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U.S. Strategy Succeeds in Bali

Demonstrators continue to gather in Bali, Indonesia, outside the U.N. conference on climate change. (By Binsar Bakkara -- Associated Press)

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By Juliet Eilperin
Washington Post Staff Writer
Thursday, December 13, 2007

BALI, Indonesia, Dec. 13 -- U.N. Secretary General Ban Ki-moon conceded Wednesday that the United States had succeeded in achieving one of its key objectives at the climate conference here, blocking a proposal that called on industrialized nations to cut their greenhouse gas emissions by 25 to 40 percent by 2020.

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Having jettisoned the idea of incorporating specific emissions targets in the framework that will guide international climate talks over the next two years, participants were hoping to find other ways to make meaningful progress here in the two-week-long meeting of nearly 190 nations.

Ban, who told reporters that the initial U.N. negotiating proposal submitted to the conference might have been "too ambitious," said he and others would work to ensure that any climate pact finalized in 2009 will be much more specific than the consensus document expected to come out of Bali.

"Practically speaking, this will have to be negotiated down the road," he said, adding that the proposal to cut emissions by at least 25 percent over the next dozen years reflected the current scientific consensus. "There needs to be a target, whether it's a short-term, medium or long-term" goal.

The Bush administration's victory, which came even as a succession of foreign ministers took the podium to call for bolder action to fight global warming, sparked criticism from developing countries that are predicted to feel the greatest effects from a changing climate.

Robert Aisi, Papua New Guinea's U.N. ambassador, said he understood why U.S. officials were reluctant to accept binding emissions goals unless rapidly industrializing nations such as China, India and Brazil also commit to concrete efforts. The United States, as well as Canada and Japan, are seeking firmer emissions commitments from such countries.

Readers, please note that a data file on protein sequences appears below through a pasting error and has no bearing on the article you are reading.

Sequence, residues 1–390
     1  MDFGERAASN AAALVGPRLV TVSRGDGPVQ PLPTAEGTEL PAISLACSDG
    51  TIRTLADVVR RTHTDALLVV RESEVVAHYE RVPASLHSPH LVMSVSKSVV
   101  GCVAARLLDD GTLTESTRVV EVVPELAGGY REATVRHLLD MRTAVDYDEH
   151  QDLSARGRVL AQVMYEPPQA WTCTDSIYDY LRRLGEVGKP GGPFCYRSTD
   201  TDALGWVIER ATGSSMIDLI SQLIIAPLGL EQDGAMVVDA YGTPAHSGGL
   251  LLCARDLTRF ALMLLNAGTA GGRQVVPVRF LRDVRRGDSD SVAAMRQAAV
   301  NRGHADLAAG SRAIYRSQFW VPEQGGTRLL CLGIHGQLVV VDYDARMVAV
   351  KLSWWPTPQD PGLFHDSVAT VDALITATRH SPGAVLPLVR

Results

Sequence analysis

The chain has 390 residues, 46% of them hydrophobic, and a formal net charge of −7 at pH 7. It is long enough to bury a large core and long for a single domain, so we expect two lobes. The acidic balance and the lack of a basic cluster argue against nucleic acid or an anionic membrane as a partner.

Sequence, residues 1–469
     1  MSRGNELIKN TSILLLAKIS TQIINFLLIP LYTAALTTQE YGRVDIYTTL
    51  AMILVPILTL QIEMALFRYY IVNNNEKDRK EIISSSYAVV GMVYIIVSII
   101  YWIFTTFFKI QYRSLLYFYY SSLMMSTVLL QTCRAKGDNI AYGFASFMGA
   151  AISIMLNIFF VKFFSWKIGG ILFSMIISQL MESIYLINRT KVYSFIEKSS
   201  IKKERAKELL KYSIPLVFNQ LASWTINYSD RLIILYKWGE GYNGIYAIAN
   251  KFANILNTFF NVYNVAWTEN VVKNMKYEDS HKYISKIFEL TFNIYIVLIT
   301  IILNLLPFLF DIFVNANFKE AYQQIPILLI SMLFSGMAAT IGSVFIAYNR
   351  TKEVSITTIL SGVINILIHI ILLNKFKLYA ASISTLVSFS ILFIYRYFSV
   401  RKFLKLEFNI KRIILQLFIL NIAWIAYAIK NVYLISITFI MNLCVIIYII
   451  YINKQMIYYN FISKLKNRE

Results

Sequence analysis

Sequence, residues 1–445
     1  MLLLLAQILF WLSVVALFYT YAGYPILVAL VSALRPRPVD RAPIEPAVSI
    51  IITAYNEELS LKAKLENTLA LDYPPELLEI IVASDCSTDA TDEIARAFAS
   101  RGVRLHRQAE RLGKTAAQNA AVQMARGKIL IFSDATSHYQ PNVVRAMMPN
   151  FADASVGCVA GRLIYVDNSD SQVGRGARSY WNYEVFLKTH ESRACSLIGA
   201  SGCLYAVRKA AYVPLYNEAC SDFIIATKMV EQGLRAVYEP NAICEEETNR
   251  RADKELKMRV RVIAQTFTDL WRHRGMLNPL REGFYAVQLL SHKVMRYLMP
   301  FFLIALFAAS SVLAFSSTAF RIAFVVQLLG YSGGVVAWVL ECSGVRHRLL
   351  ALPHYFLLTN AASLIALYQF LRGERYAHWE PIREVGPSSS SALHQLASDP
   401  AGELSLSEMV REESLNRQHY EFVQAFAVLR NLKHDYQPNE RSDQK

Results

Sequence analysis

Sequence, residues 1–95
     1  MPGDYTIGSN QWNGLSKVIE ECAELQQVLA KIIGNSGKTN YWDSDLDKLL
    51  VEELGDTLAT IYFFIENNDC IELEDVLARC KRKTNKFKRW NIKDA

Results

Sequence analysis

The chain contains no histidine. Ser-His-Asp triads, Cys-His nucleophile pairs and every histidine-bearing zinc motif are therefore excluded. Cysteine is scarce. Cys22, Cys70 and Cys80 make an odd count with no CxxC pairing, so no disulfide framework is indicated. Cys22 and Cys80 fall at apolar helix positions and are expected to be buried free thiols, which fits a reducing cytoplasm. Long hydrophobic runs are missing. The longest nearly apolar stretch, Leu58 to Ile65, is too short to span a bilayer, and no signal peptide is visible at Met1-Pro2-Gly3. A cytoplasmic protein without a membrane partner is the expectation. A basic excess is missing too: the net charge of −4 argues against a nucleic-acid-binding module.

But many Western nations, Aisi added, are overlooking their historical role in producing greenhouse gases as they industrialized. "The U.S. is saying, 'Why should we restrict ourselves?' " Aisi said in an interview. "We're saying, as developing countries, 'You bear a responsibility.' "

Danish Climate and Energy Minister Connie Hedegaard said Thursday that European Union members would continue pressing to include a range of emissions targets as part of a final framework document.

"We all came here with the expectation that something has changed in American politics, which to some extent would be reflected here in Bali. It's still sort of strange to see the American delegation is not particularly engaged a lot in the debate, to put it diplomatically," Hedegaard said in an interview. "We think it's time for the U.S. to engage a little more in trying to come up with solutions."

At a news conference Wednesday, however, Paula Dobriansky, U.S. undersecretary of state for democracy and global affairs, said, "We want to launch a process that is open and does not predetermine or preclude options."

Dobriansky emphasized that the United States was not alone in resisting future emissions targets. Countries such as Canada and Russia have allied themselves with the Bush administration on the issue.

Even as negotiators wrangled behind closed doors over what specifics could make it into a final resolution, political leaders took the podium to describe ways in which global warming is transforming the global landscape. Australia's newly elected prime minister, Kevin Rudd, who last week ratified the 1997 Kyoto Protocol as his first official act, told delegates that climate change is no longer an abstract concept in his country. "It is an emerging reality," Rudd said.

The Kyoto treaty, which expires in 2012, committed industrialized nations to making emissions cuts that many found difficult to achieve, and the Bali meeting is the first step in developing a successor to it. The United States rejected the treaty.

With the goal of specific emissions cuts off the table, negotiators were working to resolve outstanding issues for the consensus document. While a number of delegates backed the concept of payments for developing countries that protect their tropical rainforests, the proposal stalled after U.S. delegates inserted language raising the question of how land use in both industrialized nations and the developing world would affect deforestation.

"We don't want land use in there, so it's got to go," said a delegate from a developing country, who asked not to be identified for fear of jeopardizing the talks. "Anything the U.S. proposes, people are going to be suspicious about."

Several countries and nongovernmental organizations are using the Bali talks to unveil environmental initiatives they hope will lay the groundwork for future efforts even if negotiators remain at loggerheads. Norway announced it will devote $500 million to help preserve tropical forests that help mitigate the buildup of greenhouse gases, while nine other nations -- Germany, Japan, Britain, Finland, France, Switzerland, Denmark, Australia and the Netherlands -- joined with the Nature Conservancy to create a $150 million fund designed to achieve the same goal.


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